Fun-guarding: Is safe the enemy of fun?

Article description
Susie Shenkin
Date Published:
01 October 2019
Last updated: 
01 October 2019

Fun-guarding is an enticing and simple concept, which should be considered for every individual, at every stage of life, in every setting.

It sits alongside its better known alter-ego ‘safeguarding’, but these shouldn’t be seen as mutually exclusive.

‘Safeguarding’ may be considered a negative concept that prevents fun, but in making sure that those planning and taking part in activities have considered any risks, safeguarding can enable more people to take part in activities by putting in place appropriate equipment/people/time.

Everyone should have the opportunity to have as much fun as they want, while being aware of any risks.

Each person will have a different threshold of risk that they are willing to accept, and when they don’t have the capacity to weigh this up themselves, their designated decision-maker should be able to convey this on their behalf, and support any caregivers to take the agreed risks to make the desired fun happen!

Five things to consider in fun-guarding:

  1. Fun is specific to each individual, and should take into account their wishes and personality: though some might thrill to try sky-diving or attend a rugby match, others might delight in a picnic or a game of croquet…or any other of an infinite number of examples that we could offer.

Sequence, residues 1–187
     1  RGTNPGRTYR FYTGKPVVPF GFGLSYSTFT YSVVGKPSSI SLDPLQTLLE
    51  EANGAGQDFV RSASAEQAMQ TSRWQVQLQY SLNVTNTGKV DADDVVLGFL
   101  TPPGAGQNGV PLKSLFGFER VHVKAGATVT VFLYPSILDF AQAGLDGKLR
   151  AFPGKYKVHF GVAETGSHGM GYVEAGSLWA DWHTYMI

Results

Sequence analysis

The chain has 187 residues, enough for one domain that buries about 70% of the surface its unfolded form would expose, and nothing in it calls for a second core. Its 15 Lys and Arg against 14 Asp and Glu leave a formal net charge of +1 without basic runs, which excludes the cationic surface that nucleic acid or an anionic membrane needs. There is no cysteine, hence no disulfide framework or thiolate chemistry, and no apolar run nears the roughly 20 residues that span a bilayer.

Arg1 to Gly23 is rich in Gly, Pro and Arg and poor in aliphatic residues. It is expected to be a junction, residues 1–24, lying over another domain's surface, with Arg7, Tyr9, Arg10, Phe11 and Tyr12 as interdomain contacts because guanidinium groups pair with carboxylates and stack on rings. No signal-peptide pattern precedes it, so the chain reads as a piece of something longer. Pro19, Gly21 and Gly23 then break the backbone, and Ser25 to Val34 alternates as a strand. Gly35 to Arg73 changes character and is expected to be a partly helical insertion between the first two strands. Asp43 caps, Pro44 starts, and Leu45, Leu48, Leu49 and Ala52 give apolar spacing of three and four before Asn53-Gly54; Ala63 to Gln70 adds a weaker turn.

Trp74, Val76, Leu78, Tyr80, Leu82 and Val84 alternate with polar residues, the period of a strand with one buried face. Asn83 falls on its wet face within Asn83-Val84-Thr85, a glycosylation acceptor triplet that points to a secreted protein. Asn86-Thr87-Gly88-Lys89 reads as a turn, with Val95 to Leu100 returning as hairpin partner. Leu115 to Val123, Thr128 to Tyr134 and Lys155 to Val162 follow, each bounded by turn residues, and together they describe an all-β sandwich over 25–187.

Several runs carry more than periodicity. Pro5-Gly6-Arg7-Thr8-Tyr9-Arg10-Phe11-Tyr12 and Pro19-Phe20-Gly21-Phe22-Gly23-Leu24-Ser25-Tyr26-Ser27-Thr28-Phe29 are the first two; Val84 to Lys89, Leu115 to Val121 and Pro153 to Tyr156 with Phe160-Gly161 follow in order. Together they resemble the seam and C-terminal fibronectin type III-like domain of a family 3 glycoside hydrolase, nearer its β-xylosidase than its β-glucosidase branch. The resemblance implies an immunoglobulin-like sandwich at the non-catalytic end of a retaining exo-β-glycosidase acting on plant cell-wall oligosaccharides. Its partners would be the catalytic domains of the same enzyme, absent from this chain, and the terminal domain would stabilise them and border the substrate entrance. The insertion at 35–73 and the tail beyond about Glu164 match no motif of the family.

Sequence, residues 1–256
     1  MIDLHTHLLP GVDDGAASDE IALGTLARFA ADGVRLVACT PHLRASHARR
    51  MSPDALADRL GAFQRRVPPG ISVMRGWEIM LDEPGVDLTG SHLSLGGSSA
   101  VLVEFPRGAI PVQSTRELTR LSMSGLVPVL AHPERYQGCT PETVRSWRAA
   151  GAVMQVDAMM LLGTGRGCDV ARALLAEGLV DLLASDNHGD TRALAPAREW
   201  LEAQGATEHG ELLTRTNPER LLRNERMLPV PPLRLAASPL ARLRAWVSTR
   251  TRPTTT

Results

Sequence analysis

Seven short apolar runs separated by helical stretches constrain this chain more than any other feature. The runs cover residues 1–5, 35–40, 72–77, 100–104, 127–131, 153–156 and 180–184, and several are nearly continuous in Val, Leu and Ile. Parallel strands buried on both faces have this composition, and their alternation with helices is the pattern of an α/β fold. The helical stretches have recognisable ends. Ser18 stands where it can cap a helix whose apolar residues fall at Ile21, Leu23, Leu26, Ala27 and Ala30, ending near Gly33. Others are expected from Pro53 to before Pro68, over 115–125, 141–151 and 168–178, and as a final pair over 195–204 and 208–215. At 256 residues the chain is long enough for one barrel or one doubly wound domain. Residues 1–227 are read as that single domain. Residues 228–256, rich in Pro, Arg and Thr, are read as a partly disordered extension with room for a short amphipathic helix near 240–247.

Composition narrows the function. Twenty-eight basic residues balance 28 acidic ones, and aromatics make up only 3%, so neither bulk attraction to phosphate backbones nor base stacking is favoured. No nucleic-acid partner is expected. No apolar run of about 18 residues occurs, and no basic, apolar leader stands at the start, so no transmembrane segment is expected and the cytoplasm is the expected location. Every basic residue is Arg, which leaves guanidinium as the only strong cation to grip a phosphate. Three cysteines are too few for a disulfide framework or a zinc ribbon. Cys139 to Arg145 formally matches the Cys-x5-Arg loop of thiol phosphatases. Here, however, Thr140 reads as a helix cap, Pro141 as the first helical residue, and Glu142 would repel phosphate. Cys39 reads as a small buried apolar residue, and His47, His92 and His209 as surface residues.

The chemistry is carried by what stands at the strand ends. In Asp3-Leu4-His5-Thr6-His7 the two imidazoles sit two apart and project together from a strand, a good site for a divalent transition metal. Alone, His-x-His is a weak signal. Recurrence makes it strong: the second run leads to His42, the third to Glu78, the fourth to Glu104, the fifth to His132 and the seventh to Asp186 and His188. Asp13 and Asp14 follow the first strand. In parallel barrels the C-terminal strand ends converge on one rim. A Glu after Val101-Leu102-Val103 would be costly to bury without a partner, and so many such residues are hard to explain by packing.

2. Fun will vary by setting: what is fun when you’re in good health and living in your own home might no longer be fun – or perhaps be even more fun – when living in a care home, or unwell and in hospital. Conversely, things that weren’t fun before, or that have never been tried, might well become so.
  3. Fun-guarding relies on a range of people: the person themselves, their family and friends, and the caregivers, to create an environment that facilitates personalised care and the chance to try new and ‘different’ things.
  4. Identify the ‘funmaker’. In each setting, find the person who makes fun happen. This can be the care home manager, or ward consultant, who encourages fun through policies (e.g. views on alcohol, or animals, or loud music), or the daily caregivers, who can turn a music concert into ‘fun’ with their attitudes encouraging (or discouraging) joining in, dancing, singing, laughing… or the individual and/or their families and friends, who can suggest new and innovative ways of fun-guarding.
  5. Technology enables fun, allowing us to share ideas, meet virtually and then sometimes in person, and take part in a huge range of fun activities…quizzes, games, concerts, sports, speaking to families and friends, virtually reality allowing otherwise-impossible experiences in time and place. But there’s also a lot of fun to be had with the technology turned off!

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